by: Alois Mahdal
I originally wrote this as reply in a comment thread about plain-text emails.
After writing that reply, I realized that it’s difficult for many people to understand the kind of minimalism I advocate. It’s difficult for many people to understand why those like me insist on all solutions being minimal, plain-text-y, and sooo 1993.
Preference does not mean stubbornness.
In this short article, I’ll try to explain here why I prefer plain text. While my reasoning isn’t universal, I believe something similar applies to many other people (not just coders).
If you develop software for living, you will soon find out that focus and mental energy are extremely scarce and valuable resources. It’s like fuel to a truck driver: everything you can do to save it, you better teach yourself to do it always, without even thinking.
One thing people do is keep away from flashy things like attention-grabbing titles, pictures, and font styles. Note that even things like re-aligning your brain (unconsciously) to a different presentation style (font size, style and background colors) of text costs you energy (even painfully so if you work in darkness). So the best way to be efficient is to build a workspace where you control these things.
For e-mails, this means disabling HTML.
Of course, you might say, then why you allow things like advertisements to your sanctioned workspace? Two reasons: First, not all e-mails are advertisements. I often frown if even simple system-generated notifications (like billings) lack the plain text part. These are especially guilty because their content is auto-generated so it would only take a one-time task to implement it.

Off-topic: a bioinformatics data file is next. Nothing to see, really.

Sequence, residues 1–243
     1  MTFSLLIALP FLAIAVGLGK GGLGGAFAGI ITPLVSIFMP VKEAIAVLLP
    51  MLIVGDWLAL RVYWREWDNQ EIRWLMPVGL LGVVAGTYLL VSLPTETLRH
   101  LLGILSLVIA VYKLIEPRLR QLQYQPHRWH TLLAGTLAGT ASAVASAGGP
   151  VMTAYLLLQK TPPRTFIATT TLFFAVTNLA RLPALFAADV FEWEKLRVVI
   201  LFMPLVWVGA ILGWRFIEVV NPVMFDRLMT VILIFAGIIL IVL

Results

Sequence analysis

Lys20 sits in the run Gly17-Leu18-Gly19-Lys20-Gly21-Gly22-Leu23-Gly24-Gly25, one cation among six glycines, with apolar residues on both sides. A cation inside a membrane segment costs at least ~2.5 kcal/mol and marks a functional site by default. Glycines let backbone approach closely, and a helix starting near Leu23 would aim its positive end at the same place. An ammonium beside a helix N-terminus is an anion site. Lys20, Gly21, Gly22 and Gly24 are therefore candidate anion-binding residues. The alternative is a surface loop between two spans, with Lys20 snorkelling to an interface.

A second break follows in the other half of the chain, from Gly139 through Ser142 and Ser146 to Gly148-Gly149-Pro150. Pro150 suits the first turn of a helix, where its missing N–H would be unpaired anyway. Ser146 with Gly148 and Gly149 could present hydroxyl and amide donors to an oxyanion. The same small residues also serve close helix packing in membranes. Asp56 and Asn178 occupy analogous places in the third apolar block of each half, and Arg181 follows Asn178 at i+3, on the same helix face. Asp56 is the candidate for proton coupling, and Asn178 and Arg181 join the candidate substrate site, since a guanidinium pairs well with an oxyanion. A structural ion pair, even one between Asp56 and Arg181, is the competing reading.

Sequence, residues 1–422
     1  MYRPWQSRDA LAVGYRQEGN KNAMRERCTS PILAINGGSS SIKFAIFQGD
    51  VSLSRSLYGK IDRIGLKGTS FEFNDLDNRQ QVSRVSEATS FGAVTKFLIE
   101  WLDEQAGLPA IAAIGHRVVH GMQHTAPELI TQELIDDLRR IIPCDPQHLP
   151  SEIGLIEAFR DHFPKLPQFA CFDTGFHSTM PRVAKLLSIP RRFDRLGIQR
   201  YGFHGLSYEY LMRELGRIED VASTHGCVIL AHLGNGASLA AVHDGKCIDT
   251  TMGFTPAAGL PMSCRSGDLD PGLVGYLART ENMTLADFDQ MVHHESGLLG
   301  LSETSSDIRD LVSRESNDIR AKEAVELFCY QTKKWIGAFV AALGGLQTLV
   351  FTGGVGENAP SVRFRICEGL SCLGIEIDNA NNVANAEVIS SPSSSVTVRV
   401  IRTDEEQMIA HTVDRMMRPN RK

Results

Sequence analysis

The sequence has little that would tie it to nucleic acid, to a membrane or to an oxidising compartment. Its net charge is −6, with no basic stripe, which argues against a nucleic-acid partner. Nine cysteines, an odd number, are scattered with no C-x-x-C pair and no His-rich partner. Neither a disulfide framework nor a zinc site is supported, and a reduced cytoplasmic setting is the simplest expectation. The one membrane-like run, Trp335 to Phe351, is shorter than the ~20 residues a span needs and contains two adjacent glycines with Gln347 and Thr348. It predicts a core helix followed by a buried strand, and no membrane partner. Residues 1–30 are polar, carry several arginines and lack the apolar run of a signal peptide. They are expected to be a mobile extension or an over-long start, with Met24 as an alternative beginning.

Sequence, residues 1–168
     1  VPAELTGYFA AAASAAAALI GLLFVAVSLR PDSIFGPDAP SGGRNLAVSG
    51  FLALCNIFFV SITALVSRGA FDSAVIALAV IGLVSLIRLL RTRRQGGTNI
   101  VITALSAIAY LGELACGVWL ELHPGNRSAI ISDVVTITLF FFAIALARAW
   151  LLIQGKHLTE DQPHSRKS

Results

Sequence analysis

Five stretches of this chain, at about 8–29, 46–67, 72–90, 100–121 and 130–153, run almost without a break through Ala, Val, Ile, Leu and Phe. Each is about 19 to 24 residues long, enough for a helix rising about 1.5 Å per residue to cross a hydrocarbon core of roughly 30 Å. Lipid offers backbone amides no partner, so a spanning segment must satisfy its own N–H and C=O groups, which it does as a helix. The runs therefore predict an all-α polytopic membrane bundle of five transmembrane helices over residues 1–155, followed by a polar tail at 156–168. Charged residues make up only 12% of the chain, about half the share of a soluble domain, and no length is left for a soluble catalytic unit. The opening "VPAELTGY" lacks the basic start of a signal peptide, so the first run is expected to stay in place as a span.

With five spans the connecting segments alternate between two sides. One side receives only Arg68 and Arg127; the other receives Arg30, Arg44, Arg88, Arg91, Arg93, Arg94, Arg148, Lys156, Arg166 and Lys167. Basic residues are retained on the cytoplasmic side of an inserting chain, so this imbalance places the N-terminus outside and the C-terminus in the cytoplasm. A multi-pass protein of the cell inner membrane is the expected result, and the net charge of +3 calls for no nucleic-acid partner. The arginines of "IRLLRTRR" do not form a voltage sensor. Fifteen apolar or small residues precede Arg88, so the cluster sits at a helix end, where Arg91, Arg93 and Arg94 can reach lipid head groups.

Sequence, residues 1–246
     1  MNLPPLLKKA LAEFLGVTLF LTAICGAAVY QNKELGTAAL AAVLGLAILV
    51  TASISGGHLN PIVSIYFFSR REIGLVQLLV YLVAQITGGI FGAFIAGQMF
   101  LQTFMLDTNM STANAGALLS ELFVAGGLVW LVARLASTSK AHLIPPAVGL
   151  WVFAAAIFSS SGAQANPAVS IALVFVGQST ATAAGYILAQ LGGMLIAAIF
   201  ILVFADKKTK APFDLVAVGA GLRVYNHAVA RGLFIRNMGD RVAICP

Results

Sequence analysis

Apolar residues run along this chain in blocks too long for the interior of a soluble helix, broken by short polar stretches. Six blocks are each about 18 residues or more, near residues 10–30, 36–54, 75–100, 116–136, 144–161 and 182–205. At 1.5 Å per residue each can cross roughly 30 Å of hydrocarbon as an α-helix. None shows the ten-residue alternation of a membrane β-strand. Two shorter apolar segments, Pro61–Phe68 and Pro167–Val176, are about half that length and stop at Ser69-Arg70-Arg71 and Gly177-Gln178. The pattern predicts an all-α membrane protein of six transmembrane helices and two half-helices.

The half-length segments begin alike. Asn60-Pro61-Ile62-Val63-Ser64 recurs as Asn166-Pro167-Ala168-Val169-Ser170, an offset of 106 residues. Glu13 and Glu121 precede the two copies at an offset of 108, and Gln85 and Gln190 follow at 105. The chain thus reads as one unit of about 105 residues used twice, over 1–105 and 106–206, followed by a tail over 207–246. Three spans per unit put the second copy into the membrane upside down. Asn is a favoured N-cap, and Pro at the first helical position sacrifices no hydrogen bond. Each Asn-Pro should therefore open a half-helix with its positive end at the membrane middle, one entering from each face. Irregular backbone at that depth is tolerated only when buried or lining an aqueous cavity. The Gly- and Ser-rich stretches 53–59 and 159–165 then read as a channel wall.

Second, even when deeply in the flow of programming, there are moments where it may be perfectly OK to jump to a less mentally-demanding task. A task like checking e-mail or scanning news.
This even healthy if, for example, you have just finished fixing a bug and have five minutes before your tests finish. It’s similar to stretching your brain a little before jumping back to take on the next bug or to fix problems your tests found.
That’s when I would be perfectly happy to scan an email from, say, Amazon, trying to show me interesting books. But if the email is HTML only, I simply have to exclude it and either postpone reading it, or use a rule that moves it to some place where the email rots away.
I need to be in control. In pursuing that, less is better.
Of course, this is the “workspace” line of reasoning. There’s also security, and then there’s performance. Despite what some people will tell you about progress, all these viewpoints are and will remain relevant.
At Alois’ request, this article is licensed under a Creative Commons Attribution-ShareAlike 4.0 International License.